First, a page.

“The CIRC4Life project is based on co-creation, which is a complex and utterly intriguing and interesting subject. I am especially interested in the dynamics between people co-creating and how different personal aspects factor into it. The project also deals with the development of business models and I am especially interested in business design, focusing more on the strategic than the operational everyday aspects of running a business”
– explains Seikkula her motivation to choose CIRC4Life as her thesis topic. According to Seikkula, doing a thesis for an EU project is an easy package: you get the thesis commissioner with a real life challenge, a contact person to support the thesis process, and access to background materials.
We asked Suvi to describe the key benefits and challenges of having a thesis work commissioned by a project team. Among the benefits, Seikkula considers the practical nature and the real-life relevance, which is also a good motivating factor. At the same time, the project scope can limit the development part of a thesis process, which is a challenge, according to Suvi. She also finds it challenging to prove the relevance of the development work to the thesis commissioner and the project partners.
Project team’s perspective
CIRC4Life project specialist and service designer Aletta Purola considers that the main benefit of working with students is new viewpoints and solutions brought to the project. According to Purola, involving a sharp minded student helps to take a step back and to observe a project more objectively, which often results in recognizing pain-points and finding better ways of working and approaching challenges. As a human-centered service designer, Aletta believes that each student has a unique skillset to offer to the project. In the best occasion, these skills are harnessed and transferred into action items that can eventually benefit the whole project. Also involving students in projects addressing complex societal challenges such as sustainable behavior and circular economy helps develop inner motivation and personal interest in becoming a part of the sustainable change.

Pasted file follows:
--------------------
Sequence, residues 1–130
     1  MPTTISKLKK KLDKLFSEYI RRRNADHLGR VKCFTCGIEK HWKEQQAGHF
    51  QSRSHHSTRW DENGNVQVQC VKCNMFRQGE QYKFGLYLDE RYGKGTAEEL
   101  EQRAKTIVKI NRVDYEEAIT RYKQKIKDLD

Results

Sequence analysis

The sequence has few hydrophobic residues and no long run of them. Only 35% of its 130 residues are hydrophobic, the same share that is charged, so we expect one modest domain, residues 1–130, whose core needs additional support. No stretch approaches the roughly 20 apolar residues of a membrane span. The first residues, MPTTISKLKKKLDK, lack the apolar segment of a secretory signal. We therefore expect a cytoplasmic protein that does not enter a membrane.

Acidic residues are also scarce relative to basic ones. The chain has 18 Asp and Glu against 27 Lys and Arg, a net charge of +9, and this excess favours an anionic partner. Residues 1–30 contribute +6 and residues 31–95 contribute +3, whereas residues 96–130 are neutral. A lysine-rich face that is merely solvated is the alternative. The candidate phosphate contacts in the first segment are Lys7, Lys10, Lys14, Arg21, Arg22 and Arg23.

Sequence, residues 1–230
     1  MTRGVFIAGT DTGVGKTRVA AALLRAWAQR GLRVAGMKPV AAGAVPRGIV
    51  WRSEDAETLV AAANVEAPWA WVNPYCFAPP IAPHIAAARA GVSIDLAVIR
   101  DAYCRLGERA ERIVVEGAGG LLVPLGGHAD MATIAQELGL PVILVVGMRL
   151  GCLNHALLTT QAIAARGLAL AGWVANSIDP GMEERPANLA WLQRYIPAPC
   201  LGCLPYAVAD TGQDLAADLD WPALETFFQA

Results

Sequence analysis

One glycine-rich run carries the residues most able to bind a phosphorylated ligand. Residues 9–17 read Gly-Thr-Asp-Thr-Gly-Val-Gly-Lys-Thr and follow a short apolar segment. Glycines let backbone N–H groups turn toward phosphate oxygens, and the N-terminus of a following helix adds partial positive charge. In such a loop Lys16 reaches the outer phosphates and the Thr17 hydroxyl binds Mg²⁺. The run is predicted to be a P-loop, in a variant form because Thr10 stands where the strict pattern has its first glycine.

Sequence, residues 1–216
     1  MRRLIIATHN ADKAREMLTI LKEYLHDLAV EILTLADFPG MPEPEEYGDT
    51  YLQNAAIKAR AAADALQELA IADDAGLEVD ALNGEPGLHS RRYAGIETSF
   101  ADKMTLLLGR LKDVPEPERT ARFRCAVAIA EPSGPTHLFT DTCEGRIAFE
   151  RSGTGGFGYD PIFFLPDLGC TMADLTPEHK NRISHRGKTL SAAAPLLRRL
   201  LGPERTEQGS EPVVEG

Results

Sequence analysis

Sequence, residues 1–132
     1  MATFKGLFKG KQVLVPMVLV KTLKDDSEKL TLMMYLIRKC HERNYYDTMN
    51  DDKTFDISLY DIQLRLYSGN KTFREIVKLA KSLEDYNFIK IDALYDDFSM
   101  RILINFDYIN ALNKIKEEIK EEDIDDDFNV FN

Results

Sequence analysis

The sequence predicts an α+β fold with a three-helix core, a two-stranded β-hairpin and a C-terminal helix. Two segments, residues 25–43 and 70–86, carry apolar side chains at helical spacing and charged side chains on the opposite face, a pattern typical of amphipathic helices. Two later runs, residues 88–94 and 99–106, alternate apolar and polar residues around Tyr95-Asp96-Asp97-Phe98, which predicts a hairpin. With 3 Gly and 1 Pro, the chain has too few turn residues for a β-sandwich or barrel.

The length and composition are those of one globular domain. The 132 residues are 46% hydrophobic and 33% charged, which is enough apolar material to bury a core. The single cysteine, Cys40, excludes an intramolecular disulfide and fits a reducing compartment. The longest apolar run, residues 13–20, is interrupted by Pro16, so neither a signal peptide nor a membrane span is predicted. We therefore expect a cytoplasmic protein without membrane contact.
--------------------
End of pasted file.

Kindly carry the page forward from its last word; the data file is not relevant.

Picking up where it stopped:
One of the key challenges from the project team’s perspective is related to balancing the resources needed for providing a good induction and support for the students, so that they are able to start working independently. This requires good cooperation with teachers and thesis supervisors, which is not always the case. As Purola puts it:
“working directly with the students on their project-related tasks has been straightforward and easy, however, when these are related to thesis, having the supervisors involved systematically throughout the process would be beneficial for both sides”.
Collaborative R&D projects such as the ones funded under Horizon2020 do not directly aim at integrating educational aspects because of their expectation to involve top scientists and researchers, but they offer a number of ways to engage students in the development work. Although the RD&I and education integration can be a time consuming process, it can also bring visible benefits both for the project team, and for the students’ professional development.
Laurea’s LbD philosophy of treating students as a part of a development team together with teachers and project specialists provides a good basis for the integration. In CIRC4Life we continue to implement different options for integrating students into the development work, starting from interactive sessions during study units, offering project-based studies, course assignments, internships, thesis work and short-term employment opportunities. The successful cooperation described in this article not only resulted in a thesis, but also received a recognition by top researchers in the field of co-creation and Living Labs. The best full research paper award shows that junior researchers have a great innovation potential, especially with the support from a project team. Seikkula mentioned that her thesis research commissioned by CIRC4Life was so thorough and allowed her to practice different research methods, that she considers it a good basis for continuing postgraduate studies. This opens up new opportunities for a project-based life-long learning.
“Mind the Gap: understanding and communicating the business value of co-creation ” by Seikkula et al (2020) is available at DLLLD Conference proceedings at https://issuu.com/enoll/docs/proceedings_final